For some states, choosing natives for roadsides is not as easy. LaRouch of Maine DOT describes the state as 90% wooded, possibly the most wooded state. “Our natives are trees. The state flower is the white pine tassel.” In roadsides, they plant bluegrass and fescue and a lot of legume non-natives. “We are very happy with crown vetch. We plant some wildflowers, mostly annuals. We have designed mixed plantings to show annuals the first year, followed by lupines for a couple years, and by the fifth year, crown vetch takes over.” He explains that plantings have to be mowed at least once a year, or it’s all trees. He is looking at little bluestem for some utility areas to see if it will compete with cool-season vegetation that far north.

Arkansas traditionally plants a lot of Bermuda grass, lespedeza, and crimson clover. Moore says, “The Keep Arkansas Beautiful program is planting natives.” He is concerned that the natives will not be showy enough. “I added bachelor buttons and poppy to the perennial natives because the media has given the public such high expectations for spring color next year.”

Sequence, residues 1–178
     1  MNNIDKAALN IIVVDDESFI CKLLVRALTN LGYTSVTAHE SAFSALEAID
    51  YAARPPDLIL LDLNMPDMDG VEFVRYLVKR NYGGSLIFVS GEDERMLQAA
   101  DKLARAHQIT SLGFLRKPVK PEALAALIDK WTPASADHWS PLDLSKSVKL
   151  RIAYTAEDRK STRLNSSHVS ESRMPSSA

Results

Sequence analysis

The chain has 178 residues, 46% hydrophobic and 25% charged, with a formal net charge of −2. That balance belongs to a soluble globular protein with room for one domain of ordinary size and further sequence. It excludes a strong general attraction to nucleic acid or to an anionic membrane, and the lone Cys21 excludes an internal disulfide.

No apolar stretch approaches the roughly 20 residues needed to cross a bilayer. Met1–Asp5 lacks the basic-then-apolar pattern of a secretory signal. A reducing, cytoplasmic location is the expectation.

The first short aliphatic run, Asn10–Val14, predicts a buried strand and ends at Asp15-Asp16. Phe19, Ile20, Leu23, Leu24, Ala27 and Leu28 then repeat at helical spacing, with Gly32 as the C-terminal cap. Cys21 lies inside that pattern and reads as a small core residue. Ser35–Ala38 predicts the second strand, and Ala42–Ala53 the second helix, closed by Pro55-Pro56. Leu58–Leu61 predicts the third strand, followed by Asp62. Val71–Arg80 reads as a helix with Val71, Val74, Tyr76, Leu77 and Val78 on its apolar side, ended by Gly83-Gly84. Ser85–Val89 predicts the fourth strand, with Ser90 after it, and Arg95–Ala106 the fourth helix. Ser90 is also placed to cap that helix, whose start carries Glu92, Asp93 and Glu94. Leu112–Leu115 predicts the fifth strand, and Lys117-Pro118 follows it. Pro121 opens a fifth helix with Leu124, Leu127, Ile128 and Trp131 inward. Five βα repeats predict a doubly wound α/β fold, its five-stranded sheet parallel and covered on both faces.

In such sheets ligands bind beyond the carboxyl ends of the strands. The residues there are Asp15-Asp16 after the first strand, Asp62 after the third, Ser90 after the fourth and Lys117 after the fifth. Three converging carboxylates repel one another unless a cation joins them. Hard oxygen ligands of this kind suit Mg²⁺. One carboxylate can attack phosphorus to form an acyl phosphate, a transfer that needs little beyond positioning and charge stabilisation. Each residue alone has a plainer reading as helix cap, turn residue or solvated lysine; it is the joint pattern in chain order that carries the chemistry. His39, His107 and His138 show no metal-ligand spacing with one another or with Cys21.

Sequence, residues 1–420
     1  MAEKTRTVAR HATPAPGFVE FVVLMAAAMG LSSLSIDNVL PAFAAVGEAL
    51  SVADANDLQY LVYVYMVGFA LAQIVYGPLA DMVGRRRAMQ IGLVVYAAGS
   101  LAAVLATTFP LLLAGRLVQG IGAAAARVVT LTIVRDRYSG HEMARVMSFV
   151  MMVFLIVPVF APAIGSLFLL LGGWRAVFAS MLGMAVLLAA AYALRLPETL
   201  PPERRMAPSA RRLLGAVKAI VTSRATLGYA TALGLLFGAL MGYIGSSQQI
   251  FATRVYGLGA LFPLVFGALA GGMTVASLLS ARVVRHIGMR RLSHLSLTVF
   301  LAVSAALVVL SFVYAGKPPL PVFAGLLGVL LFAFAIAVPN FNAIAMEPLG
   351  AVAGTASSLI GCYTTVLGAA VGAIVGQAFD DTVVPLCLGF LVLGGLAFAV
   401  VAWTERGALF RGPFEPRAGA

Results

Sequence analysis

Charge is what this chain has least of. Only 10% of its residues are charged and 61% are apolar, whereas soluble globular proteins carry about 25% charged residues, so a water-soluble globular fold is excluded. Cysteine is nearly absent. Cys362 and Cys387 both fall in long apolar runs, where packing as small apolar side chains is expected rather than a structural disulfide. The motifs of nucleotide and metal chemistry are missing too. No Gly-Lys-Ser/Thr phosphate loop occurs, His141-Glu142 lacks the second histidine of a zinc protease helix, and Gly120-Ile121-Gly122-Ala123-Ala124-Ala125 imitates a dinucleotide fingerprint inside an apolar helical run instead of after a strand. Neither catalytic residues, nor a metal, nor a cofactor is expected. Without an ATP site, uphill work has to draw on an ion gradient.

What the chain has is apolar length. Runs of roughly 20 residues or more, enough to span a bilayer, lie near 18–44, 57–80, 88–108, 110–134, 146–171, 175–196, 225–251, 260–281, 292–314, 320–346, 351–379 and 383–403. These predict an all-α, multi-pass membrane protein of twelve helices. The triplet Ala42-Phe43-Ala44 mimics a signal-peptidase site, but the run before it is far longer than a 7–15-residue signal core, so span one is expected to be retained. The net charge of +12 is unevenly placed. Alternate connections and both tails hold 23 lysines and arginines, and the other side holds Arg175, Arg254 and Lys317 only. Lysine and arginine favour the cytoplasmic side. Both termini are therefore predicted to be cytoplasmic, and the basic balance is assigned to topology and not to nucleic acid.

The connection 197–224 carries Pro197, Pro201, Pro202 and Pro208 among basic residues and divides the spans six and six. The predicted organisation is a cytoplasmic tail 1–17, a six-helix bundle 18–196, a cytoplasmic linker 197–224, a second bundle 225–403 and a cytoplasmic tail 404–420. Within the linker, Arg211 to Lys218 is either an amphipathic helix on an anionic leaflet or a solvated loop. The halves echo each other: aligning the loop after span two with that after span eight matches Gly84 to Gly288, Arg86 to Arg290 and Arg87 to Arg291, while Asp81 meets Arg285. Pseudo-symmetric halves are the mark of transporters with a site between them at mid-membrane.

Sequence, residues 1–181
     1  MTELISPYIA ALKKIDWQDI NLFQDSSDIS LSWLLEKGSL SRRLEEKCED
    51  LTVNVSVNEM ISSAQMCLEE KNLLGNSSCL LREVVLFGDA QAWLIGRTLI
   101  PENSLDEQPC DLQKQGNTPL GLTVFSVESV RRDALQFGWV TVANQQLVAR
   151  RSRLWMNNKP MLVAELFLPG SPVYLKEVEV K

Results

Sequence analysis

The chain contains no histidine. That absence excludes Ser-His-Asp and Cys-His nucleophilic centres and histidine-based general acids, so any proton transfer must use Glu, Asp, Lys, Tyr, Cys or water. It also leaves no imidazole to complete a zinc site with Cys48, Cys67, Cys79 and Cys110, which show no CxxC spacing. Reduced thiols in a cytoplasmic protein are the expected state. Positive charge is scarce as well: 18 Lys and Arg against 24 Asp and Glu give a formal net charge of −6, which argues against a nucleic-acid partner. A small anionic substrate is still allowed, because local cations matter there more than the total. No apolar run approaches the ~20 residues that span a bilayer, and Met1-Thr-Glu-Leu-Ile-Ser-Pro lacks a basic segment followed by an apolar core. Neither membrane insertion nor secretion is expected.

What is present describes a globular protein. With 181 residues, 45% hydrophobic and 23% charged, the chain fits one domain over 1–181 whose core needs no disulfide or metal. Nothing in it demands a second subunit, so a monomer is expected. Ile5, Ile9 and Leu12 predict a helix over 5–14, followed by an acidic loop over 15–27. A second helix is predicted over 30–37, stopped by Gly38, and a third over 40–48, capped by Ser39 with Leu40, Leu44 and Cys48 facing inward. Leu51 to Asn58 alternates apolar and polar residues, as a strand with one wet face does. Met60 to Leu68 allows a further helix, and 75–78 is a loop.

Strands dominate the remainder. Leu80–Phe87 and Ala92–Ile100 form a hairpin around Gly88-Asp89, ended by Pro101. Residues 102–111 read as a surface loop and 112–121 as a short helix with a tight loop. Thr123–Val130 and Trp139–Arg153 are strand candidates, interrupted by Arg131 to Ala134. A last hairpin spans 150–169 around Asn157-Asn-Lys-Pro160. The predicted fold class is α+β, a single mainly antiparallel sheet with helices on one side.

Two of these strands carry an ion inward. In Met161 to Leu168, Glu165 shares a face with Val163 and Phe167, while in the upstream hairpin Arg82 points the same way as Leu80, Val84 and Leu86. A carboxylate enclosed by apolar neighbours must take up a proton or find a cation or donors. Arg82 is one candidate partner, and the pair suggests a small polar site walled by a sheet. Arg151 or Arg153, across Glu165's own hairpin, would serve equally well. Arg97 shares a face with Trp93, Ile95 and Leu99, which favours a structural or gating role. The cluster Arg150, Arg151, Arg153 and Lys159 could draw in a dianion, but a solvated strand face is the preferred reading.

Henry of Florida DOT says, “We do not use native grasses, mostly Bahia and Bermuda. We do use a lot of native shrubs and forbs.” Florida DOT’s Chris Warren describes their extensive wildflower program: “Maintenance units work closely with the local garden clubs, who provide additional seed.” He says that the plantings are well maintained but that he doubts the plantings are native. According to Henry, the nursery business largely ignores natives. “In roadsides, many things just move in, which is our main source of diversity. Some of these are natives, some are not.”